Second-seeded Baylor was the exception to the Raleigh Regional hum-drum rule in the early going,
somehow overcoming a decade's worth of misfortune to claw their way into the
Sweet Sixteen. They eventually simply ran out of gas against the potent
scoring of Louisville. Meanwhile, top-seed Maryland snoozed their way into the
Sweet Sixteen and very nearly got a rude wake-up call from Vanderbilt. This
will set up a mentor/pupil clash on Monday night as Brenda Frese takes on her
former chief assistant Jeff Walz for the right to head to the Final Four.
Let's take a quick look at how they got there.
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|#3||LOUISVILLE || v. ||#2||BAYLOR
|56 (W) || ||39 (L)|
When leading scorer Danielle Wilson went down for Baylor, one had the sense that
they were living on borrowed time as a team. They earned their two-seed by
winning the Big XII tournament without her. With Coach Kim Mulkey out of commission due to a
medication reaction, they survived what looked like it might become the first-ever 2/15
upset by University of Texas-San Antonio, hitting clutch free throws in overtime to knock off the
dogged Roadrunners. Baylor then escaped a formidable South Dakota State team, appearing in the tournament in their first year of Division I eligibility,
when Kelli Griffin scored on a drive with one-half of a second to go.
fortunate to have Leon Barmore on the bench to take Mulkey's place in that
first game, having come out of retirement to help his old star player out.
Louisville breezed by Liberty in the first round and then defeated LSU in Baton
Rouge as their one-two punch of Angel McCoughtry and Candyce Bingham combined
for 45 of the team's 62 points. The game was fairly close until Louisville
took control late in the first half and kept the Tiger at arm's length the rest
of the way. Rebounding was key for the Cardinals, whose trap didn't yield much
against a well-prepared LSU team.
The McCoughtry + Bingham + rebounding formula (a combined 37 points and 27
rebounds for that pair) worked nicely against Baylor. The Bears gamely hung in
there and forced Louisville to become a jump-shooting team, which allowed Baylor
to cut the lead to just one point in the second half. But crucial back-to-back threes
by Bingham gave the Cardinals the breathing room they needed and the Bears
simply didn't have the legs left to come back. Indeed, Louisville ended the
game on an 18-2 run that made the final score appear to be much more lopsided
than it actually was.
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|#1||MARYLAND || v. ||#4||VANDERBILT
| || ||74 (L)|
Meanwhile, on the other side of the bracket, top-seed Maryland slapped around
Dartmouth and Utah while Vanderbilt had no trouble dispatching Western Carolina
and Kansas State. On paper, this game looked easy for Maryland: They had many
more weapons, more athleticism and more flash than the steady Commodores.
Vandy had other ideas, however, as they stormed out of the gate on a 12-2 run and
pushed their lead up to 18 with six minutes left in the first half. The key
for Vandy was that defensive ace Jennifer Risper was locking up Maryland star
|Vanderbilt's Jennifer Risper (2) shoots as Maryland's Demauria Liles (13) defends during the second half of a women's NCAA tournament regional semifinal college basketball game in Raleigh, N.C., Saturday, March 28, 2009. Risper's defensive lock-down on Marland's Marissa Coleman nearly bought Vandy the upset.|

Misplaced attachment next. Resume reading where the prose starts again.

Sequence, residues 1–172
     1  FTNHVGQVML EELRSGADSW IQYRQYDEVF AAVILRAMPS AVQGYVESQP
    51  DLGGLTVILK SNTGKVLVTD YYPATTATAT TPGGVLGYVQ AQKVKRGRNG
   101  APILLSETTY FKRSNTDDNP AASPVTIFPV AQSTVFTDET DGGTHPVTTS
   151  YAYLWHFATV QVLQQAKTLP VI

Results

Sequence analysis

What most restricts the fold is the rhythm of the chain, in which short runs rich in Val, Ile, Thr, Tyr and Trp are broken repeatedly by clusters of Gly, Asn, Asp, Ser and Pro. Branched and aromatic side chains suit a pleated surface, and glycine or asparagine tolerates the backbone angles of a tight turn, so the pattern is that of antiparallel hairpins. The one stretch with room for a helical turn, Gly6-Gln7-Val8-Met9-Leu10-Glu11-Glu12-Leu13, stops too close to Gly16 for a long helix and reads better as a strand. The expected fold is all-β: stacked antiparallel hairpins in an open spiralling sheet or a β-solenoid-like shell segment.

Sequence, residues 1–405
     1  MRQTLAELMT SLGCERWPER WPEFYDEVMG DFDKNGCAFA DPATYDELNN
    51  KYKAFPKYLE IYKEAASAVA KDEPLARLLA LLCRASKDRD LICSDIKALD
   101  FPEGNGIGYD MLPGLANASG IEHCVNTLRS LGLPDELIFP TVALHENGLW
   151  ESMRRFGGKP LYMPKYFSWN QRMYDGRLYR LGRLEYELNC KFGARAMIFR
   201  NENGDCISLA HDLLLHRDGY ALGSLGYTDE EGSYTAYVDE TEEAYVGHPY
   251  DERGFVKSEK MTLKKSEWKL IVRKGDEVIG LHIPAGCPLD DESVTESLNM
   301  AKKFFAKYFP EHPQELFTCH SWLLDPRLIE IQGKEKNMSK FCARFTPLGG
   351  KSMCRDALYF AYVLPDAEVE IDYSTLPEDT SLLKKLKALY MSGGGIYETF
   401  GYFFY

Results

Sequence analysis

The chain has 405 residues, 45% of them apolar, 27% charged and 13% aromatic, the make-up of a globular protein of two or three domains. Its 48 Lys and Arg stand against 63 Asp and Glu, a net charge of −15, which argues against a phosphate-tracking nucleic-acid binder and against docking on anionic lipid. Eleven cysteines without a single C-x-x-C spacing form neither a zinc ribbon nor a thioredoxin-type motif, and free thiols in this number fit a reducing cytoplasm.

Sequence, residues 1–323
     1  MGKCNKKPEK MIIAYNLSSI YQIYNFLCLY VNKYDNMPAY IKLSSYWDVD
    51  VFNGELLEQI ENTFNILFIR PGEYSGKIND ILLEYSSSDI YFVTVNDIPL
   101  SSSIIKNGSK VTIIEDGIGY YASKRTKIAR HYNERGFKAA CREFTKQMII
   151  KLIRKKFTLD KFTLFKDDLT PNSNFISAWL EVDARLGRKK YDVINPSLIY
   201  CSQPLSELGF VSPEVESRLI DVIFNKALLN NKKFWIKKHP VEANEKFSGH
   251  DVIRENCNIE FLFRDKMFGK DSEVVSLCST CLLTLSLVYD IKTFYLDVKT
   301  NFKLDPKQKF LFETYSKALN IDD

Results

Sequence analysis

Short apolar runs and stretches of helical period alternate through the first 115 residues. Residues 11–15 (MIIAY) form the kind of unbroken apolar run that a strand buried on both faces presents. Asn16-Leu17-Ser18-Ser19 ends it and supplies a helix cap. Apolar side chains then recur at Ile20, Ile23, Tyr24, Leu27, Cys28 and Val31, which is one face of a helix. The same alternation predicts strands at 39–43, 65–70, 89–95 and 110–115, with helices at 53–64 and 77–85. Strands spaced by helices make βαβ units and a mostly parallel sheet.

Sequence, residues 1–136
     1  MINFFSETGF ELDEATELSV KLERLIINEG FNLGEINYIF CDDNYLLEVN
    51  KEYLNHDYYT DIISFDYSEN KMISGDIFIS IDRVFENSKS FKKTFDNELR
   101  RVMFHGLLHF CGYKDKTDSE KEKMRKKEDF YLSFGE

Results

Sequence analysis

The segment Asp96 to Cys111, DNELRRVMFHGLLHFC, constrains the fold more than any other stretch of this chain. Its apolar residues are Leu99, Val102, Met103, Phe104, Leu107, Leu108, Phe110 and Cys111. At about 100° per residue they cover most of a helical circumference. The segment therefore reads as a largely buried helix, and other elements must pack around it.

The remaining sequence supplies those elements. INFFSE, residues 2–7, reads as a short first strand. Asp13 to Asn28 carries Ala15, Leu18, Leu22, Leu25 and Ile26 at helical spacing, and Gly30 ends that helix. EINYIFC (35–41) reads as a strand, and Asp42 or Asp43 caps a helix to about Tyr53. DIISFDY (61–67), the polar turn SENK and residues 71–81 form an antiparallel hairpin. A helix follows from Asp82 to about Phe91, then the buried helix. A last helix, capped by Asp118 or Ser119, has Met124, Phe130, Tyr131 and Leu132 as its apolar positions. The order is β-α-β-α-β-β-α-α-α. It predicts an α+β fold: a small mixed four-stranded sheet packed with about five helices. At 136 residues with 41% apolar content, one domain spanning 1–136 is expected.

Now, the Terps have what I call a casual confidence. They always think they're
going to win and have a certain looseness as a result. The problem is that
looseness often leads to sloppiness, and Vandy took full advantage of lazy
passes, poor rotations on defense and a general lack of effort from the Terps.
On the other hand, Maryland has so much firepower that they never care about any
deficit at any time--they always think they can come back. When Risper went out
of the game with two fouls at the six-minute mark, Coleman went to work and made
mincemeat out of Vandy's small front-court, nearly single-handedly reducing the
deficit at the half to just three points.
Of course, the Terps rested after that and the well-drilled and disciplined
Commodores once again jumped on Maryland's mistakes. Vandy led by 11 with seven minutes left and by nine with 4:50 to go. Coleman then went to work,
scoring seven straight points, including a spectacular three-point play off a spin
move. With the score tied at 74, Coleman scored the go-ahead basket, forced a
miss from Vandy's Tina Wirth, grabbed the rebound, and then iced the game with
two foul shots. That was good for a career-high 42 points and 15 rebounds.
LOOKING AHEAD TO THE ELITE EIGHT
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|#1||MARYLAND || v. ||#3||LOUISVILLE
|31-4 || ||32-4
Maryland versus Louisville will be an interesting match-up. Both teams rely on two
players for the bulk of their scoring. Both are excellent rebounding teams.
Louisville is an excellent defensive squad, loving to pressure the ball.
Maryland is a disinterested defensive team at best, saving their energy for
offense and rebounding. They almost never pressure the ball, preferring to
take their chances by getting a rebound and another crack at the basket.
have players who can easily generate their own offense, with Maryland's Kristi Toliver in particular a deadly shooter. Maryland has the edge in long-range
shooting while Louisville is a better offensive rebounding club.
Maryland is a
tough team to press because they do have multiple ballhandlers on the floor at
all times (including Coleman); they can be turned over, but if you don't get
them to cough up the ball they will score. I expect a classic shootout that
Maryland will win in the end, because no one is playing better than Coleman at
the moment in college basketball, and the Cardinals don't have enough outside
of their two stars to quite overcome that edge.